A Guide to Diatomaceous Earth Uses
Try Diatomaceous Earth as a Home Remedy for Lice Control on Your Homestead
By Ken Scharabok – Diatomaceous Earth uses vary, but generally, DE can be safely fed to animals or used as a dust or spray for parasite control. This action is strictly mechanical. The microscopically sharp edges of the product contact the offending organisms and pierce their protective covers. The parasites then dry out in a few hours and die.
Diatomaceous Earth is an organic product mined in the west. It was formed from trillions of microscopic one-celled algae called diatoms, which wove tiny shells for themselves out of the silica they extracted from seawater. As the diatoms die, these shells settled in deposits at the bottom of the ancient oceans. When these waters dried up and the seas receded, the deposits were fossilized and compressed into a soft, chalky rock which is surface mined and crushed into a powder looking much like flour.
Diatomaceous Earth particles are characterized by their irregular shapes, generally spiny structures and pitted surface area. They average only 5 to 20 microns in diameter, yet have a surface area several times greater than any mineral with the same particle size.
Diatomaceous Earth Uses
- As a dust against fleas, lice and other external pests on dogs, cats, and livestock. Use full strength as a talcum powder to rub into dog or cat coats. It can be sprinkled on pigs or added to a dust bath for chickens. It works great as a chicken lice treatment.
- Diatomaceous Earth can be used as a fly deterrent spray or dust in pastures, in and around trees and shrubs, grounds and buildings and manure piles. Due to its fine powdery nature, DE is best applied at night when the air is calm. Dust on 15 to 40 pounds per acre (20 to 25 pounds in still air). For liquid spray, mix two pounds per gallon of water and agitate while using.
- When used on stored grains and seeds, Diatomaceous Earth can replace chemicals like malathion. The most effective protection is achieved if grain or seeds are treated immediately after harvest by lightly coating the outside of substantially all kernels or seeds with dust. This is best done by applying the powder directly as it is moved into storage. Use 4 oz. per 100 pounds. Barley, corn, buckwheat, oats, rye, rice, wheat, sorghum and mixtures of these grains may be treated in this manner.
- Dusting yards like pastures or animal enclosures can work against a wide variety of lawn pests. While spreading is suitable for grass areas, spraying should be used on shrubs or other plants.
To help the Diatomaceous Earth cling to plants, place a teaspoon of flax soap (available at many paint supply outlets) in a quart of warm water. Put a ¼ pound of Diatomaceous Earth in a 5-gallon sprayer, add the flax soap mixture and top off with water. Keep the solution agitated when using it.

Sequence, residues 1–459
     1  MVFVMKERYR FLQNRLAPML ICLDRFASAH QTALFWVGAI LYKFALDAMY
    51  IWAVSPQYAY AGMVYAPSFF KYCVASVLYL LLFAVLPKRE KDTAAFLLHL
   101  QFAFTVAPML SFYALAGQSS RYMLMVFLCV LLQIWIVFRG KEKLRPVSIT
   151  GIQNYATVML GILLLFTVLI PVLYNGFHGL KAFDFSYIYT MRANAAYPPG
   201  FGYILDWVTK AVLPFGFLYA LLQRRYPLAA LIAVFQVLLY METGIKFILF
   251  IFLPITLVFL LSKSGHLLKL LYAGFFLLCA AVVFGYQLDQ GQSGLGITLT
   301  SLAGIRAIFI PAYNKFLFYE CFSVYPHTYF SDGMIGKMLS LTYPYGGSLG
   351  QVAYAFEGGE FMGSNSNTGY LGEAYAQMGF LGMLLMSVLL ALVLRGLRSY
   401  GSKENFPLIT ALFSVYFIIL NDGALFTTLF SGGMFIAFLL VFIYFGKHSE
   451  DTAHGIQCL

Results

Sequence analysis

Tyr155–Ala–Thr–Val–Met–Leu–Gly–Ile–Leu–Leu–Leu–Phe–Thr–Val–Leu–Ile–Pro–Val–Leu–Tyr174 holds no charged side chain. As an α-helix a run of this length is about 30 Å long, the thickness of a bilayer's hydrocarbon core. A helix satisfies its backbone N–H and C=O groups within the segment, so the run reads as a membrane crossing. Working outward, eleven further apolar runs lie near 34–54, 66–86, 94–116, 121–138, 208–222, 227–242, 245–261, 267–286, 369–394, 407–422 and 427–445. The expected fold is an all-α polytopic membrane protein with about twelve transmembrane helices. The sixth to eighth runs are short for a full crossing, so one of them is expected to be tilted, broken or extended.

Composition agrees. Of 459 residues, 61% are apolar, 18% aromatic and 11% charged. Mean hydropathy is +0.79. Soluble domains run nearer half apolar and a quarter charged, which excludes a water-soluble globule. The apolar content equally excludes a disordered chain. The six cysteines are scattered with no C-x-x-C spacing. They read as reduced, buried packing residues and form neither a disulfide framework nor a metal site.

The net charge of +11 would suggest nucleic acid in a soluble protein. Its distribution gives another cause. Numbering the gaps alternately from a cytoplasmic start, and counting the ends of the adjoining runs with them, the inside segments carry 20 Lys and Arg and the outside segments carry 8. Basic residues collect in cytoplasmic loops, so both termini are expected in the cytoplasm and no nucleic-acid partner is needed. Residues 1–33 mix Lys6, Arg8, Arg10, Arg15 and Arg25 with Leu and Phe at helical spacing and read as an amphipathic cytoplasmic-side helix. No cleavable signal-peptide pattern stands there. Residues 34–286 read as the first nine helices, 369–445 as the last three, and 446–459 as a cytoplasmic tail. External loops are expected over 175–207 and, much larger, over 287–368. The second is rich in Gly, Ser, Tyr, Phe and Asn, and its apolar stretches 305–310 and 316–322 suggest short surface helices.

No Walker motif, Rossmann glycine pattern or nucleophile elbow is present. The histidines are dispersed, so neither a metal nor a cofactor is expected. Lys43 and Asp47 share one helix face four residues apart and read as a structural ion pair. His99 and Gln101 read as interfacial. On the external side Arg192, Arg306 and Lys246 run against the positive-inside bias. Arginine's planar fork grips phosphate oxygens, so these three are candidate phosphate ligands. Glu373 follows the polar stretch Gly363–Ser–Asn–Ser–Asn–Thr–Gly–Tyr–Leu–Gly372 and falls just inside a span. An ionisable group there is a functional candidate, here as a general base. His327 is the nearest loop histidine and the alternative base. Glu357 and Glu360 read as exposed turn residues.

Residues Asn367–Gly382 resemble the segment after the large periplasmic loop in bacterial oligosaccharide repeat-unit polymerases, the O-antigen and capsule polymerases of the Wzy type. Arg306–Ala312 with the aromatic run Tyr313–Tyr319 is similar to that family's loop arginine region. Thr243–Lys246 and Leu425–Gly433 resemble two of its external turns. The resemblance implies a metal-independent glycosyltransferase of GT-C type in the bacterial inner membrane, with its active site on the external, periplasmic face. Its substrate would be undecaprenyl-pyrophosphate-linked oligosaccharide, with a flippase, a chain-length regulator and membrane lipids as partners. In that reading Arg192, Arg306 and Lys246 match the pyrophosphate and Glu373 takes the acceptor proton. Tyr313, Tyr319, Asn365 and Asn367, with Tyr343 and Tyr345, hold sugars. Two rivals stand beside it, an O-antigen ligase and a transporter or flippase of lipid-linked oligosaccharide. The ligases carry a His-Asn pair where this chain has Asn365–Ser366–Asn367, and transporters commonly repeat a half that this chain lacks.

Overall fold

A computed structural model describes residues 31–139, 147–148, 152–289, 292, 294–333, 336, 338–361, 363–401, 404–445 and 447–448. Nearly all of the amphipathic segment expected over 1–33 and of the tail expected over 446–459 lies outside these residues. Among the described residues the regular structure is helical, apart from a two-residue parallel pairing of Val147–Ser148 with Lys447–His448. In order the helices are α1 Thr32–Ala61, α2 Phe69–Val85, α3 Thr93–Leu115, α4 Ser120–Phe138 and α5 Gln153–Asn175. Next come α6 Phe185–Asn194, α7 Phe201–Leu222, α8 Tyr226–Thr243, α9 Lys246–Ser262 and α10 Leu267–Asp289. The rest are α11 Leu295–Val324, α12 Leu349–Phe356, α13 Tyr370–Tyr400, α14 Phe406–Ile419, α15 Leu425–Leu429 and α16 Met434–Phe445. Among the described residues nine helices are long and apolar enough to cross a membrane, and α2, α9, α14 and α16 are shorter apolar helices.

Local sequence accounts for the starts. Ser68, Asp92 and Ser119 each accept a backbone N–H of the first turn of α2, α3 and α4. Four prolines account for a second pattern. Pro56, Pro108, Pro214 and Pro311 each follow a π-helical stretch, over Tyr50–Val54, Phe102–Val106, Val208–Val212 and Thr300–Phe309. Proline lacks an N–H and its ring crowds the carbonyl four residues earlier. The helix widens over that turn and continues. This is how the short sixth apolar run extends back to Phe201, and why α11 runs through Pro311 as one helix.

- If you are wondering how to care for apple trees and other fruit trees, sprinkle a liberal amount of Diatomaceous Earth on the ground around the trunks. Also paint the trunks with a mixture of flax soap, Diatomaceous Earth, and water. This protective buffer zone will impede the migration of various fruit tree flies and worms as well as Japanese beetles.
You may need to spread Diatomaceous Earth several times a year for continued control. Due to its shape, use approved masks and goggles to keep particles out of the nose and eyes, as the sharp edges can irritate the eyes and respiratory system.
Not Harmful to Earthworms
Diatomaceous Earth isn’t harmful to earthworms, as they are structurally different from insects. Some earthworm farmers use Diatomaceous Earth in the bedding material to control parasites in it and in the worms.
For internal use, suggested feeding rates are 1 percent of weight of total dry ration or free choice for beef cattle; calves, 4 grams in morning milk; dairy cattle, same as beef cattle; chickens, 5 percent in feed; large dogs (over 55 pounds), 1 tablespoon per day; small dogs and cats, 1 teaspoon per day, adjusted for size; goats, 1 percent in grain; hogs, 2 percent by weight in feed ration; horses, 5 ounces (1 cup) in daily grain ration and sheep, 1 percent in ground grain.
Organic beef rancher Joel Salatin reports excellent results by using a free choice mixture of one part stocker salt, one part natural kelp and one-half part Diatomaceous Earth.
I hope this article helps you discover all the amazing Diatomaceous Earth uses for your homestead.
Originally published in Countryside July/August 1999 and regularly vetted for accuracy.
2 thoughts on “A Guide to Diatomaceous Earth Uses”
Great article! I had no idea it had so many uses. Thanks!
How many days do you add DE to animal’s food for parasite eradication?